So it's entirely possible that if Aldovino had been more defiant, he wouldn't be condemned as a coward - instead he'd be condemned as a moron who refused to capitulate after the walls were breached and ended up subjecting the city to a bloody, ruinous sack and getting hundreds of people killed on both sides. Or maybe the attack would have been a disastrous failure and he'd be a hero of the Republic. Nobody at Bonifacio in December of 1781 could know for sure.

So I wonder if Corsica could secretly offer to France that they'll lease Tabarka (or perhaps an island seized from the Genoese) to the French in return for their favor in the peace talks.

A lot of Corsicans live on Tabarka at this moment, but the Corsican government itself has no rights there. If the French win the war, they'll probably just take Tabarka. Technically it belongs to Tunis - Britain only leases it - but the French can demand that Britain renounce the concession, and then send a fleet over to Tunis to say "hey, we're taking over the Tabarka concession now."

This is not good for the Corsicans. Previously, France was represented on the Barbary Coast by the Compagnie Royale d'Afrique, which operated a number of posts in the area. During/after the WAS these posts were all destroyed and the CRA was expelled from the Tunisian coast, with the British "Barbary Company" receiving the concession (and Tabarka) instead. The British were originally going to let Corsicans harvest coral as a stopgap until they trained some Englishmen to do it, but that never really happened, so they've just left the business to the Corsicans. But the CRA doesn't need Corsicans, because France already has plenty of trained coral fishermen. If France wins and takes Tabarka, the most likely outcome is that the CRA is given control of the concession again, and they drive out all the foreigners so they can monopolize Tunisian coral with their Provençal employees.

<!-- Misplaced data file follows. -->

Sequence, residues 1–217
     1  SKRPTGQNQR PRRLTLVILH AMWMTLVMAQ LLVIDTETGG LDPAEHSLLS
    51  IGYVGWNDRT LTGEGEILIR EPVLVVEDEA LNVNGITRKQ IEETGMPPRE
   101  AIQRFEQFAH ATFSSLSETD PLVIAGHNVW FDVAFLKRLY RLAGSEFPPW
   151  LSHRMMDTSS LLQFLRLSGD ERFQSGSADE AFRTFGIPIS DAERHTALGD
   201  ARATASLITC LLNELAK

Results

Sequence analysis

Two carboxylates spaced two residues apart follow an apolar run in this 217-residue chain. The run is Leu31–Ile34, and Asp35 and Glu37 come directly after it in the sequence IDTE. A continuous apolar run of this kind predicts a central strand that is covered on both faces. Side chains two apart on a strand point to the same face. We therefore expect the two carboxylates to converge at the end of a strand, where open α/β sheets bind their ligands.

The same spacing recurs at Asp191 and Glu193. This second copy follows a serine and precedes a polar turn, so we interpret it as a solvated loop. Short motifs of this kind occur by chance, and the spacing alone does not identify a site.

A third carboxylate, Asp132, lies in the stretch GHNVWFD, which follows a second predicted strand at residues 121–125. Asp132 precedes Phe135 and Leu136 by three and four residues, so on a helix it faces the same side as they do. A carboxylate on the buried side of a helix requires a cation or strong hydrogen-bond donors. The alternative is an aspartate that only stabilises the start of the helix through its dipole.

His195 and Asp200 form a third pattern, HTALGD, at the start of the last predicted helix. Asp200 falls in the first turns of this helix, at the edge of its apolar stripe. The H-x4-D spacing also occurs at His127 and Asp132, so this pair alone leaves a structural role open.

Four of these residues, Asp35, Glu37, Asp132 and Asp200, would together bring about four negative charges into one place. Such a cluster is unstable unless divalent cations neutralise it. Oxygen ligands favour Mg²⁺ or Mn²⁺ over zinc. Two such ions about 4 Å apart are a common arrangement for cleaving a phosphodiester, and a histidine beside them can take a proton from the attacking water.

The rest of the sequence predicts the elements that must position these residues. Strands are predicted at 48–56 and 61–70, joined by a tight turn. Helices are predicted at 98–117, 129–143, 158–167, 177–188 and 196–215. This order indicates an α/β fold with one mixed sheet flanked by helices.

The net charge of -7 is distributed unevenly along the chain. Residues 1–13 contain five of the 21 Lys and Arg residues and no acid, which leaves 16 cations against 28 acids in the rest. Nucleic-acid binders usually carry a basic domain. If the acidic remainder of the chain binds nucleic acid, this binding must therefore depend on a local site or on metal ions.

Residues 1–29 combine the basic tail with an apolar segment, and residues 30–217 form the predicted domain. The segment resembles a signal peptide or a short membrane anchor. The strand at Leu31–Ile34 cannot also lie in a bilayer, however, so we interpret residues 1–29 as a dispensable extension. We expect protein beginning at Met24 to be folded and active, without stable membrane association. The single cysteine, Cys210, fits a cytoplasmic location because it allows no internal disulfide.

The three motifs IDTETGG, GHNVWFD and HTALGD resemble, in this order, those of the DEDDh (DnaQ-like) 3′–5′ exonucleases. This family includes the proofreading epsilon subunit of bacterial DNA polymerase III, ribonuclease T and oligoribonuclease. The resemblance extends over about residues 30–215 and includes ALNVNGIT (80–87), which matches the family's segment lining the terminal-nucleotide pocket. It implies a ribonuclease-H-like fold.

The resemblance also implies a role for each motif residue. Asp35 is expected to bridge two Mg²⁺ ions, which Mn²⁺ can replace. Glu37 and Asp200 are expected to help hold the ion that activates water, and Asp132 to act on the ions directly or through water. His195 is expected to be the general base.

It seems like Corsica is going to fall out of France's orbit.

I know we've joked about Buonaparte showing up but an ATL Napoleon ending up in the British army might take the irony cake.
Grand Armament
Grand Armament


Genoese pinchi (pinques), late 18th century

The Coral War caused an unprecedented surge of public interest in the business of the Genoese state that had not been seen since the bloody suppression of the Revolution of 1750. Outside of the aristocratic elite, few Genoese citizens had any enthusiasm for the long “Corsican War” of 1729-49, and the government had to rely upon a heavy blanket of state censorship. In 1781, however, Genoa was attacked - and attacked in a way that affected Genoese society far beyond the confines of the blue-blooded oligarchy. Common fIshermen and corallieri had been plundered, which in turn affected shipowners, coral brokers, insurers, and merchants. The tragic loss of the Nostra Maria della Rosa was seen by Genoese sailors and their families as a deliberate and murderous act. Bonifacio was not some foreign colony, but a city of loyal Genoese citizens who had flown the Genoese flag since the 13th century. Corsican aggression had succeeded in uniting a broad swath of the Genoese public in shared hatred of King Theodore II and his pirate-captains, and a shared desire to defend the territory, prosperity, and honor of their ancient state.[1]

The Genoese government had dithered after the Battle of Cape Feno, awaiting some sign of rescue from Paris or Vienna, but the sinking of the Minerva in this context of mounting public patriotism finally shook the government out of its paralysis. Despite the Corsican government’s attempts to suppress the news, rumors had begun spreading soon after the ship ran aground on November 17th, and the Gazetta Nazionale of Bastia was allowed to confirm the story publicly on the 25th. The disaster was greeted with wild celebrations in the streets of Genoa, where it was hailed as God’s own justice meted out to the butcher Terami. This celebration was followed by a call for action - the Corsican Navy had been weakened, perhaps fatally, and there could be no possible excuse for the government’s apparent inaction. On the 27th, the Serene College ordered the raising of another “extraordinary armament” to come to the city’s rescue.